A HUNDRED SUMMERS

By Beatriz Williams
Putnam AdultMay 2013
www.us.penguingroup.com
www.beatrizwilliams.com

Hardcover368 pages, $26.95, ISBN: 9780399162169
Subject: Relationships / Intrigue / Family

  1. There are recurring themes of illusion versus reality. For example, Budgie, the apparent prototype of beauty and femininity, actually has a rotten, ugly core. What other examples in the book reinforce this interplay of façade versus truth?
  2. How does the Greenwalds’ white, modern, renovated house serve as a metaphor for what is happening, and ultimately happens, to Nick and Budgie’s marriage?
  3. The structure of the book—alternating passages of past and present—creates tension from chapter to chapter. How else might the structure reinforce the themes of the book, and in what ways does the past interfere with the present?
  4. Several of the characters are drawn as opposites of each other, such as Lily and Budgie. But what about Aunt Julie? How does she complicate these dualities and how does she move the story forward?
  5. Lily’s narration is filtered through different lenses: the lens of youth, the lens of alcohol, the lens of retrospect, and even that of love. How do these affect the way in which Lily tells the story?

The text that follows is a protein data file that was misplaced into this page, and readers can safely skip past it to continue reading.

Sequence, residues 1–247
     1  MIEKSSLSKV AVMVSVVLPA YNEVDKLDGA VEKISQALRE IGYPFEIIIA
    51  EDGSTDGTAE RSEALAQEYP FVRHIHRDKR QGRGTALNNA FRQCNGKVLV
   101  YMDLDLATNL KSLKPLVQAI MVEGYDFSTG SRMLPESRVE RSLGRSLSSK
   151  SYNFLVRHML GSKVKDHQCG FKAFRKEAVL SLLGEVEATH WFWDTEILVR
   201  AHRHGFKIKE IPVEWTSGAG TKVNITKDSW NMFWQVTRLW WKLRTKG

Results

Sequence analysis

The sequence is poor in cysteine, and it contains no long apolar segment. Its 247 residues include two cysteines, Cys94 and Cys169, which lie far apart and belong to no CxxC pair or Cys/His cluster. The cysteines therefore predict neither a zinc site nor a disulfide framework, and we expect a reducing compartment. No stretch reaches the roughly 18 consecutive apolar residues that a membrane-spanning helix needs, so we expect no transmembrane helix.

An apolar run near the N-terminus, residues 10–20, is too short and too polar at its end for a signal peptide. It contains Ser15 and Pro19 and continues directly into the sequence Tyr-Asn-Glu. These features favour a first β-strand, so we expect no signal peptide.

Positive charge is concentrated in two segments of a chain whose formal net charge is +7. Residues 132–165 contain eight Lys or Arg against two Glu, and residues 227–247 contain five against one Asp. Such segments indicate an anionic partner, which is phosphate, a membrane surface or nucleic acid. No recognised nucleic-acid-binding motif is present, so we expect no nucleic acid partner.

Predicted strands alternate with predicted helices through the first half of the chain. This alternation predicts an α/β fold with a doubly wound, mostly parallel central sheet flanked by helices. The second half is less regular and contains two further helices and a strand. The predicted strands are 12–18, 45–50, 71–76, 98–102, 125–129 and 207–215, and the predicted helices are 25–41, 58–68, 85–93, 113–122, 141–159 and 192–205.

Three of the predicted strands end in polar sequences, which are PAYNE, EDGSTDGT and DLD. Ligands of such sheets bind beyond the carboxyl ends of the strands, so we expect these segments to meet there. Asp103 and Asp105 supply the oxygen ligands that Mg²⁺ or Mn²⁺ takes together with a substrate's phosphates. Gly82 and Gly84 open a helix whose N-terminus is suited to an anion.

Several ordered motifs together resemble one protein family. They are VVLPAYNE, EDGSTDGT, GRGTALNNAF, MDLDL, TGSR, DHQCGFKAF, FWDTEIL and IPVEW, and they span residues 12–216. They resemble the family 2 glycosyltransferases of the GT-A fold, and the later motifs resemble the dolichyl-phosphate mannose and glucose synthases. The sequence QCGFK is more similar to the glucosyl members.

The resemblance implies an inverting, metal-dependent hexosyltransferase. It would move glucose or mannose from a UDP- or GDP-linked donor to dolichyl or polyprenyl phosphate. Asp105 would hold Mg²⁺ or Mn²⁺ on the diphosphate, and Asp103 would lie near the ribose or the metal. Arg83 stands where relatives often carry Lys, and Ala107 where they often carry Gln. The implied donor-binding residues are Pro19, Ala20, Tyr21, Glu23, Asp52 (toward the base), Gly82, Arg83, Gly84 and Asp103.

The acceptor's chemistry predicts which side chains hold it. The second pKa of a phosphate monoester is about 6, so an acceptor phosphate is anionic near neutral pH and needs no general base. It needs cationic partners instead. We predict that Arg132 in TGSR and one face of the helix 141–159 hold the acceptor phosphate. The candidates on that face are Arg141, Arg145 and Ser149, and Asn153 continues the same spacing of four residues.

6. Occasionally, the author breaks the “third wall,” and Lily directly addresses the reader. For example: “I’ll tell you, the things we got up to in Seaview.” Why do you think the author makes this choice and what effect does it create?
  7. During Lily’s confrontation with her mother, Aunt Julie says, “You’re not in a goddamned Greek tragedy here.” But how does the storyline echo a Greek tragedy, and where do we see the classic elements of betrayal, love, loss, and pride? Who could qualify as a “tragic hero?”
  8. In the opening of Chapter 22, Lily narrates Seaview’s beauty as seen through the eyes of a stranger, and then notes that she is “used to” Seaview’s beauty. What else are the characters so “used to” that they fail to see it? In other words, what “discoveries” are hiding in plain sight?
  9. Lily occasionally “zooms out” to see herself and at one point observes a “thin-skinned vessel of Lily.” What might Lily not see about herself, despite her attempts at objectivity?
  10. The storm hits at the climax of the story, when the hidden truths come pouring out. When the skies clear, the two most malicious characters are dead. How does that comment on the storm’s function in the story?
  11. Lily’s mother is absent much of the story—Lily references her, or we see her from afar. Why do you think the author chose to keep her largely offstage until the climactic confrontation?
  12. It’s been said that “children inherit the sins of their parents.” Lily suffers this fate in a clear way, while Kiki manages to avoid it. What are the more subtle ways in the story that characters fall victim to, or perpetuate, a cycle? What about in your own life?
  13. The story is told against the backdrop of several important historical events: prohibition, World War II, and of course, the great storm of 1938. How do these historical events impact the fictitious world of the characters? Could this story have been told in another time?

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